Construction of the Dakota Access pipeline under a North Dakota reservoir has begun and the full pipeline should be operational within three months, the developer of the long-delayed project said Thursday, even as an American Indian tribe filed a legal challenge to block the work and protect its water supply.
The Army granted Energy Transfer Partners formal permission Wednesday to lay pipe under Lake Oahe, clearing the way for completion of the 1,200-mile, $3.8 billion pipeline. ETP spokeswoman Vicki Granado confirmed early Thursday that construction resumed â€œimmediately after receiving the easement.â€
Workers had already drilled entry and exit holes for the crossing, and oil had been put in the pipeline leading up to the lake in anticipation of finishing the project. â€œThe estimate is 60 days to complete the drill and another 23 days to fill the line to Patoka,â€ Granado said, referring to the shipping point in Illinois that is the pipelineâ€™s destination.
Work was stalled for months due to opposition by the Standing Rock Sioux and Cheyenne River Sioux, as well as a prolonged court battle between the developer and the Army Corps of Engineers that oversees the federal land where the last segment of the pipeline is now being laid. President Donald Trump last month instructed the Corps to advance pipeline construction.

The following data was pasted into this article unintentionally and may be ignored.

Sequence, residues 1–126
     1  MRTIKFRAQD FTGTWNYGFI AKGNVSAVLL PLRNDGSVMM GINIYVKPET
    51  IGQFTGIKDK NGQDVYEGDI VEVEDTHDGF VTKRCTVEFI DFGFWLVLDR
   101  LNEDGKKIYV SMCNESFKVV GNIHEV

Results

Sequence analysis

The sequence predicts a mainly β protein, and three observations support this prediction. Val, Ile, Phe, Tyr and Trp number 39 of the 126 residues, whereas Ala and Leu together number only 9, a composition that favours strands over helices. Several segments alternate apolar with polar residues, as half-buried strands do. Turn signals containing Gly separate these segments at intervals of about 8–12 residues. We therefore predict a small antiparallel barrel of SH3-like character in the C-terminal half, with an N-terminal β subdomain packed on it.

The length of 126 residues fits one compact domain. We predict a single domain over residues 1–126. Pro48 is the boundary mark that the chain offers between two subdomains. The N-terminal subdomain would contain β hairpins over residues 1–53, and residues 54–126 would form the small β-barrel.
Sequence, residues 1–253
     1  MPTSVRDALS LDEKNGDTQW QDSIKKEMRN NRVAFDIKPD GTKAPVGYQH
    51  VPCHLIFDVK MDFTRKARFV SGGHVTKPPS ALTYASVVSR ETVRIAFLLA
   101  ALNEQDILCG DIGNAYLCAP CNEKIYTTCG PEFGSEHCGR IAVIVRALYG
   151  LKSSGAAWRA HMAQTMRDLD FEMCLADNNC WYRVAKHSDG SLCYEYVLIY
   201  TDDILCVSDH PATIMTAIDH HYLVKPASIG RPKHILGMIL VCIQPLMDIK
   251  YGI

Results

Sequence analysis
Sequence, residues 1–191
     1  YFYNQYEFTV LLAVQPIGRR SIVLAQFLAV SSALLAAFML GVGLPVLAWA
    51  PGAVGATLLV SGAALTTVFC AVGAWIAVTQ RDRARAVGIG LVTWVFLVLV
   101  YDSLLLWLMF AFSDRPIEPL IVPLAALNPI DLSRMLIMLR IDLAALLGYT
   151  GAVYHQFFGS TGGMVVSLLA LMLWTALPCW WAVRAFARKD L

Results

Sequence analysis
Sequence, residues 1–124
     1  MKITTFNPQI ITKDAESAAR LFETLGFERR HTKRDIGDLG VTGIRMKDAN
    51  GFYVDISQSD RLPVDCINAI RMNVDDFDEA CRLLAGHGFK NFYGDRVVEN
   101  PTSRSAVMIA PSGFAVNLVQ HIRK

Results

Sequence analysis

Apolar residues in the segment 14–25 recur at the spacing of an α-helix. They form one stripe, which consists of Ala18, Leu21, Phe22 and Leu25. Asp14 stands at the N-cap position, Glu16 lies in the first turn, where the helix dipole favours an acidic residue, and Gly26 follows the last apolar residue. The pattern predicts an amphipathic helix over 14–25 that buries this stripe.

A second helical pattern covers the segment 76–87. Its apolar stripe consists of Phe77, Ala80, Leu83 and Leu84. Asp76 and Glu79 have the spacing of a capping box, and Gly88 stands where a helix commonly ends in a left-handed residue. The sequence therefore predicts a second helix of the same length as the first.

The Cheyenne River Sioux on Thursday asked a federal judge to stop the Lake Oahe work while a lawsuit filed earlier by the two tribes against the pipeline proceeds. Attorney Nicole Ducheneaux said in court documents that the pipeline â€œwill desecrate the waters upon which Cheyenne River Sioux tribal members rely.â€
ETP didnâ€™t immediately respond in court to the filing. US District Judge James Boasberg didnâ€™t immediately rule. Standing Rock Sioux attorney Jan Hasselman has said that tribe will also try to block the lake crossing in court. An encampment near the construction site has drawn thousands of protesters since April in support of the Standing Rock Sioux, leading on occasions to clashes with law enforcement and hundreds of arrests.
Granado said she was not aware of any incidents involving pipeline opponents in the area. The Morton County Sheriffâ€™s Office also said it had not responded to any incidents. Tribal Chairman Dave Archambault said in a statement late Wednesday that the tribe is prepared to keep up the battle â€œin the courts.â€
â€œWe will continue to fight against an administration that seeks to dismiss not only our treaty rights and status as sovereign nations, but the safe drinking water of millions of Americans,â€ the chairman said.
The tribe fears a leak in the pipeline could contaminate drinking water at its reservation that is just downstream from the proposed Missouri River crossing. ETP says the pipeline will be safe.